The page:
Infographics are great ways to show helpful information to your audience. It’s not only used by marketers; even policymakers, scientists, doctors, and many other professions use it. In fact, anyone can use an infographic to present facts in a more visually engaging way.
But of course there is a correct way of using infographics. You can’t just pop random words, numbers, charts, and illustrations into it. It has to be presentable, understandable, and of course readable. So here are four guidelines to keep in mind when designing infographics.
1. More images, less text
It’s called an infographic for a reason. It’s not just about the info; it’s also about the graphics. In fact, the goal of an infographic is to present information visually. Add in charts, graphs, and illustrations to keep it visually engaging. It’s not a blog post, so keep the words to a minimum. Also, large font sizes are helpful in keeping everything readable.
Use images and illustrations to tell a story. Don’t just pick random visual assets; they have to be relevant to the message you’re conveying. Don’t do it this way:
2. Use statistics
Using well-researched data makes your infographic look a lot more credible. Additionally, infographics are a great way to present numbers and figures. But again, since it’s a graphic, don’t just put raw data in tables. Present the data visually using charts and graphs, like below:
Just don’t overdo it. Too many statistics, and you may end up confusing your audience instead. Another thing to keep in mind is to make the numbers meaningful as well. Give people a reference point. For example:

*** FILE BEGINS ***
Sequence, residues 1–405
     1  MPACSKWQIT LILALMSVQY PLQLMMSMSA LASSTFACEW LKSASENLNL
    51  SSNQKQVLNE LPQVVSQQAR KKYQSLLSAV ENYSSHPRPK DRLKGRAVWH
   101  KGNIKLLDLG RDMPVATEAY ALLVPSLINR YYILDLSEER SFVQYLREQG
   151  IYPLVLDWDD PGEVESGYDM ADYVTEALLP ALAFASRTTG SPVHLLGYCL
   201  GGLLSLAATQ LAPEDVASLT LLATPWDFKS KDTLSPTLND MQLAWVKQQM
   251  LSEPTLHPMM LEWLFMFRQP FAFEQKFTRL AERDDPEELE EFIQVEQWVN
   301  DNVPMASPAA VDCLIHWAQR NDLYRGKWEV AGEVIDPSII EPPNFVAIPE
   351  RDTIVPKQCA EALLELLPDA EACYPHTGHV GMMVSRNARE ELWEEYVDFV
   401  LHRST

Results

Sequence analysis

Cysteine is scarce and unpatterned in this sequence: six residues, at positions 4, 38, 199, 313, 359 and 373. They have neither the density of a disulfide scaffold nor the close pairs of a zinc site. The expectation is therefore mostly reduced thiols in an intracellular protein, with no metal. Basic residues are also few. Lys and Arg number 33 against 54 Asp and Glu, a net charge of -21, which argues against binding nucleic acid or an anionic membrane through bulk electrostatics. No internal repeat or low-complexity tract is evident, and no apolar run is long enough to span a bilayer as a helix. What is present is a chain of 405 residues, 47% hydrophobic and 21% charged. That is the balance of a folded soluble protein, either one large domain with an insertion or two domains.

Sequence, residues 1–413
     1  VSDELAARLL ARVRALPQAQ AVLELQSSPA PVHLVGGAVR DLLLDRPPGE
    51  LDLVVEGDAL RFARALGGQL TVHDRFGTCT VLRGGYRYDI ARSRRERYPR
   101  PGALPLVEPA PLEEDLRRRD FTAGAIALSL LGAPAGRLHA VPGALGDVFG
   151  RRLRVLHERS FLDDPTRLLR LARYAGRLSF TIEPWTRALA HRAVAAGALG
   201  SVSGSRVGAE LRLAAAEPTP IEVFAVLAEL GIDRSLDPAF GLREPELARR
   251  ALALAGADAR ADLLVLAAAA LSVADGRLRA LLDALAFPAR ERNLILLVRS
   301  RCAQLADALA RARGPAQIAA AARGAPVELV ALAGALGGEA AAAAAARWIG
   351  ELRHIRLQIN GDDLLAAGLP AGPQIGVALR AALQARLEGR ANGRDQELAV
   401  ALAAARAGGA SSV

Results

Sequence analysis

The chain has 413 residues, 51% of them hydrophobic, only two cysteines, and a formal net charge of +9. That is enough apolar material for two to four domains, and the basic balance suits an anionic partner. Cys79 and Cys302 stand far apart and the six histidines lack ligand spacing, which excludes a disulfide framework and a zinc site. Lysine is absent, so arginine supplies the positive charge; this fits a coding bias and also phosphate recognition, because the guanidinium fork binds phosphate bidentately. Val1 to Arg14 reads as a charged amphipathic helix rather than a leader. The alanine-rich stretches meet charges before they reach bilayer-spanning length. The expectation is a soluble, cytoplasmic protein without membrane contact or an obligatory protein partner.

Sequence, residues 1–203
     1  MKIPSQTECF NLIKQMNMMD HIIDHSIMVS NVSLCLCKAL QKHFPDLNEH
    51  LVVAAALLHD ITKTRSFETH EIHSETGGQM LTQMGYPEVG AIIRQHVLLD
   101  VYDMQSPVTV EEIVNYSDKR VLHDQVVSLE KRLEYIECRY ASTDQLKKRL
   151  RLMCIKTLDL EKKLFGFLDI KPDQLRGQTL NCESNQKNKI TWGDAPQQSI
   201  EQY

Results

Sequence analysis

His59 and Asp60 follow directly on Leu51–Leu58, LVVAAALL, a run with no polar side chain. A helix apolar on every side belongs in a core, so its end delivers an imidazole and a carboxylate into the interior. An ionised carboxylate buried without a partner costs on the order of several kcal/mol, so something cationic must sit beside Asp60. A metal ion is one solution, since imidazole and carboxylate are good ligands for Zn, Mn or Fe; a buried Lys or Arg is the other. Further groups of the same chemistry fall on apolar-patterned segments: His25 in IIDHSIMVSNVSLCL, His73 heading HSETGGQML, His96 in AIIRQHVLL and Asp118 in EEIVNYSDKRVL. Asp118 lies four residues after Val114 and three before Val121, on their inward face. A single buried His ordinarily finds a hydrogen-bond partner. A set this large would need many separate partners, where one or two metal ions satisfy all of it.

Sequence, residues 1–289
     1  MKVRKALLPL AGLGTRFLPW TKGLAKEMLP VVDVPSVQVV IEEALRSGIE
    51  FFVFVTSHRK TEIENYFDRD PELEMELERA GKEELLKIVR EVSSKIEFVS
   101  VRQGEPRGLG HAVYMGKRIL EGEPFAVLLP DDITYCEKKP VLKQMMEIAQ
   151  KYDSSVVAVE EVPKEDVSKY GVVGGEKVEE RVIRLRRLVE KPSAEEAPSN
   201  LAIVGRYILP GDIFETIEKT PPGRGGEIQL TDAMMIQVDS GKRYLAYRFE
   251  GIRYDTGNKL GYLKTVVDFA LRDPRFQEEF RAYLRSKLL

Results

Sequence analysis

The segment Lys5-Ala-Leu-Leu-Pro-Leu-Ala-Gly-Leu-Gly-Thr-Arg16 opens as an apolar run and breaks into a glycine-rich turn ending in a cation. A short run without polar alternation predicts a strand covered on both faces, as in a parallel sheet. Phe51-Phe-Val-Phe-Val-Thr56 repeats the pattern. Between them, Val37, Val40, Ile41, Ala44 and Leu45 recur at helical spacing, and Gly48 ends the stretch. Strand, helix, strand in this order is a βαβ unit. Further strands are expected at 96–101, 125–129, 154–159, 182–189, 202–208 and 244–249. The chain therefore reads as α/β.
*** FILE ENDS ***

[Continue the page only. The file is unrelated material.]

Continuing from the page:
Drinking a can of Coke gives you 39 grams of sugar.
To the ordinary person, what is “39 grams” of sugar? They can’t measure that in their heads easily. So to make the interpretation easier, you could say:
Drinking a can of Coke is like taking nearly 10 teaspoons of sugar.
The quantities “39 grams of sugar” and “nearly 10 teaspoons of sugar” are equivalent, because 1 teaspoon of sugar is 4 grams. But then, the latter is easier to visualise, because people use teaspoons every day.
3. Give it some space
Sometimes you might be tempted to put in as much information as possible in your infographic. But that would actually do more harm than good. When you have too much information in your infographic, readability suffers a lot.
For this reason, give it some space. Quite literally, leave some space behind so people’s eyes are more relaxed when viewing it. Cluttering and stuffing the infographic with too much information will defeat its purpose. Just have a look at this cluttered example:
4. Make a catchy title
Last but not least, don’t name the infographic like an academic paper. You want people to read it, so don’t repel them at first impression through the title. Make it short, but sweet. A good rule of thumb is that the title should be not more than two lines. Two lines of large font size, of course. The title should grab people’s attention and make them want to look at the whole infographic.
Infographics are really great and helpful tools in content marketing. Used the right way, they will provide exceptional value to your audience and will help establish you as an authority in your niche.
Speaking of content, it’s also important to be knowledgeable about your niche. Why? Watch this video to find out.
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